Wallon worm uses Yahoo, MS to spread

Antivirus software companies issued warnings and software updates on Tuesday and Wednesday for a new worm, Wallon, that uses deceptive Web links to Yahoo.com to trick users into downloading malicious programs.

Wallon first appeared last Friday and spreads in e-mail messages. However, antivirus companies reported increased instances of the worm on Tuesday and said users could be tricked by its e-mail messages, which do not contain virus-infected file attachments.

Symantec and Network Associates' (NAI's) McAfee Antivirus Emergency Response Team said Wallon was a low-level threat. However, other companies, including Sophos and F-Secure, said they received numerous reports of the worm.

Like other mass-mailing worms, Wallon has its own SMTP (Simple Mail Transfer Protocol) engine and grabs e-mail addresses from files stored on compromised computers. Wallon-generated messages arrive with subject lines that read "RE" and an HTML (Hypertext Markup Language) link to the Web page http://drs.yahoo.com, according to antivirus companies.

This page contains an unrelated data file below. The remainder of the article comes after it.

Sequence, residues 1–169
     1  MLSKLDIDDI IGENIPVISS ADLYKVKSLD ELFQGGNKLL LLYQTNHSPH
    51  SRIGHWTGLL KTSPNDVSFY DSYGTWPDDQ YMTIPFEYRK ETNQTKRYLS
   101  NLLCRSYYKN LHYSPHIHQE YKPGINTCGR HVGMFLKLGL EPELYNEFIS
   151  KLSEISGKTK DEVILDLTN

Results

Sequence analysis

Users who click that link set off a chain of events that results in their Web browser being redirected to a non-Yahoo Web site controlled by the virus author and designed to trigger a long-patched Internet Explorer security hole known as the "object data vulnerability." Triggering that flaw on unpatched Windows systems, however, allows the virus to download and run a file that replaces Microsoft Corp.'s Windows Media Player with a malicious program that downloads the Wallon worm's main file and changes the Internet Explorer's home page to a page maintained by the virus writer, F-Secure of Helsinki said.

In addition to stealing e-mail addresses for the purpose of spreading itself, Wallon forwards the addresses it finds on compromised systems to another e-mail address, which could be harvesting them for spammers, NAI said. After infection, Wallon also hijacks the victim's Web browser and directs it to a pornographic Web site, pixpox.com, NAI said.

Antivirus companies issued updated Wallon virus definitions for their products on Tuesday and Wednesday, in addition to posting tools to remove the Wallon worm.

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Paul Roberts

IDG News Service
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